Albert Reichmann was a prominent Canadian businessman and philanthropist, best known as one of the Reichmann brothers who led the Olympia & York (O&Y) real estate empire. Renowned for his astute commercial sense and profound charitable dedication, Albert was a pivotal figure in the advancement of prominent real estate initiatives across the globe.
Albert Reichmann was born in Vienna, Austria, in the early 1930s. He and his family lived through the turbulent World War II years. He was mostly homeschooled. The Reichmanns were an Orthodox Jewish family who moved to Paris and then to Morocco to escape the growing Nazi threat.
Albert was profoundly impacted by these early experiences of persecution and exile, which gave him a strong sense of community and faith that would serve as a compass for both his personal and professional life.
He and his brothers would build the World Financial Center in New York as well as the first phase of Canary Wharf in London. The billionaire patriarch and his brothers would become very well known in the financial industry and WFO would be the largest private owner of commercial properties in NYC.
It is impossible to talk about Reichmann’s career without bringing up the close-knit family company. In the 1950s, Albert joined his brothers Paul and Ralph in the real estate industry. Their activities were formerly situated in Morocco, but they had to relocate to Toronto, Canada due to political unrest there. They established Olympia & York in Canada, which grew to become one of the biggest real estate development companies in the world.
Some of the most famous structures, like the World Financial Center in New York and Canary Wharf in London, were developed by O&Y under their direction. Albert was renowned for his conservative attitude to finance and his painstaking attention to detail. But O&Y was badly struck by the recession of the 1990s, which resulted in its bankruptcy in 1992. This was a significant blow to the Reichmanns, but Albert, with his resilience, continued to be involved in real estate and philanthropic activities.
In Reichmann’s life, great commercial success coexisted with a strong devotion to philanthropy. Resilience, faith, and a strong sense of community duty characterized his journey from the early days of fleeing persecution to creating a global real estate company.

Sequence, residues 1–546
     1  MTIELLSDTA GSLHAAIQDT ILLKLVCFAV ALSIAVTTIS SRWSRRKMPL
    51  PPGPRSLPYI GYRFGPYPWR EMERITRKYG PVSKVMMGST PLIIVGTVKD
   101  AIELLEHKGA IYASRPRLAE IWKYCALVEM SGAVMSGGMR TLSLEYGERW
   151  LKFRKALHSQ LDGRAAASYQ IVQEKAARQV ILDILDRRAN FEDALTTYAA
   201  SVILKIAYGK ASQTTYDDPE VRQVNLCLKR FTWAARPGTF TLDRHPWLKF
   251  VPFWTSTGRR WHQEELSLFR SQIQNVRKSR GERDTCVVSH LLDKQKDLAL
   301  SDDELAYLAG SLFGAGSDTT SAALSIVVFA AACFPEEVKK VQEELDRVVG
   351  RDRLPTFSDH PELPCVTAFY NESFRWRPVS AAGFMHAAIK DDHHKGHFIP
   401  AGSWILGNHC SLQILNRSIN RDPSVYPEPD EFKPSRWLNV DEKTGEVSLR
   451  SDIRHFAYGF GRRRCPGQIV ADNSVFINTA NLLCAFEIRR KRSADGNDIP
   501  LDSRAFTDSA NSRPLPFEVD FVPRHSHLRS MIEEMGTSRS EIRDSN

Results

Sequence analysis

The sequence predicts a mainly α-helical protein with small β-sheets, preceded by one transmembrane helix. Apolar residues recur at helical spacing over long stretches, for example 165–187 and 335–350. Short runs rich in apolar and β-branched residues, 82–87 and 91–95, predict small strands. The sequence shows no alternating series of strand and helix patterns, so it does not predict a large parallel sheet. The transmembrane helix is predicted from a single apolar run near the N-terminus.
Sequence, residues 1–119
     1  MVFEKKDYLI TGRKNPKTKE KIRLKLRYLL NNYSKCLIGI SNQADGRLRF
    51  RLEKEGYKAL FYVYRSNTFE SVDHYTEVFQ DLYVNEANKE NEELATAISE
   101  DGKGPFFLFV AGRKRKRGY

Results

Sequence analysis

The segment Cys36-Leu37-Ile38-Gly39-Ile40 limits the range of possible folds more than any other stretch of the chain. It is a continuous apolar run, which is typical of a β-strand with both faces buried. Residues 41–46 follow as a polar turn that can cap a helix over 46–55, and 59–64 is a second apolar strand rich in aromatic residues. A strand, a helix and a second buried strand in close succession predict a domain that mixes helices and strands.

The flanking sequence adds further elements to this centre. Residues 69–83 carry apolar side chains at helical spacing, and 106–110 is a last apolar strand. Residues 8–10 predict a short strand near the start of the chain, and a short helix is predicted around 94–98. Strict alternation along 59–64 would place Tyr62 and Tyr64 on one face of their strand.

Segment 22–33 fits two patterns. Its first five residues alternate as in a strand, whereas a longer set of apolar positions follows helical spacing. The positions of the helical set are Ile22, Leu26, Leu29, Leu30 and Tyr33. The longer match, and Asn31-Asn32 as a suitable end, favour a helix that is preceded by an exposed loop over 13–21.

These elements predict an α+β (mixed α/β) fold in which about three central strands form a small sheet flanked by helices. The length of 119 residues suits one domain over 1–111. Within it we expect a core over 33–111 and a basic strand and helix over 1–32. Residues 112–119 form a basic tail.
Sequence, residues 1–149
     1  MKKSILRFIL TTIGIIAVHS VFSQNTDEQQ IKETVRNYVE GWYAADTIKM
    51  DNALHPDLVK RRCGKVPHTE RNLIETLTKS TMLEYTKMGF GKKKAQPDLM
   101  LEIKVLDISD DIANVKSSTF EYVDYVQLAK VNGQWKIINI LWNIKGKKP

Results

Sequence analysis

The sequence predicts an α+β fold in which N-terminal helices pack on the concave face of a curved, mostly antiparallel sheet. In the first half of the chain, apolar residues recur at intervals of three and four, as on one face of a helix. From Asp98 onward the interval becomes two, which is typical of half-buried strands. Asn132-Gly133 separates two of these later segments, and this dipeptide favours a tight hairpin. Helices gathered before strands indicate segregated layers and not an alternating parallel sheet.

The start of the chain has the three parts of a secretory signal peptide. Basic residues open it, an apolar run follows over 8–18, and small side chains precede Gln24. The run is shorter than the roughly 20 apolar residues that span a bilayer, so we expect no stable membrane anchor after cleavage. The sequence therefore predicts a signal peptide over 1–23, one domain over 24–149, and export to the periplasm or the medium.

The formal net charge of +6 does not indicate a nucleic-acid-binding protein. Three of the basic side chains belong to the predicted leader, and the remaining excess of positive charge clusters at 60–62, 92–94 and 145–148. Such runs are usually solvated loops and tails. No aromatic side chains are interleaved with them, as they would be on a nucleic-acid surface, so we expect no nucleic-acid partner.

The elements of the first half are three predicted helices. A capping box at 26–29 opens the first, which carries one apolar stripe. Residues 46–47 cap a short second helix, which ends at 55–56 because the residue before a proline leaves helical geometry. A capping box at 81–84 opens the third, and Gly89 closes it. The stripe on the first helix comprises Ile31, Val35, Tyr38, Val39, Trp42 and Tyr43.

Even though he led a rather secluded life, his influence on Jewish culture and cityscapes throughout the world is a living witness to his life’s work. Albert’s tale is entwined with a larger narrative of creativity, crises, and charity as a member of the illustrious Reichmann family, reflecting a complicated history of both enormous triumphs and severe struggles.
Forbes magazine once estimated the net worth of Mr. Reichmann and his brothers, devout Orthodox Jewish sons of a rabbi who escaped Vienna in 1938 just as the Nazis were about to engulf Europe in war, to be close to $10 billion. However, their real estate venture, Olympia & York Developments, faced bankruptcy in 1992 following a severe downturn in the London property market that left them deeply in debt.
Despite these challenges, the Reichmanns managed to rebuild a substantial portfolio, known as O & Y Properties, which they successfully sold to Brookfield Properties in 2005, marking a significant recovery and continuation of their business endeavors.
Albert’s mother was known for her aid to concentration camp prisoners and refugees throughout World War II. Inspired by her charitable legacy, Albert continued this benevolent path by contributing to Jewish educational facilities and places of worship worldwide, focusing particularly on communities in Israel, Hungary, and the former Soviet Union.
Reichmann died in Toronto, Canada on December 17, 2022 at 93 years old.
At the height of their success, the Reichmann family was among the wealthiest in the world. Their net worth was estimated in the billions, with Albert’s personal share significant.
Albert Reichmann’s achievements are many, both in the business world and in his philanthropic endeavors. Here are some highlights of this: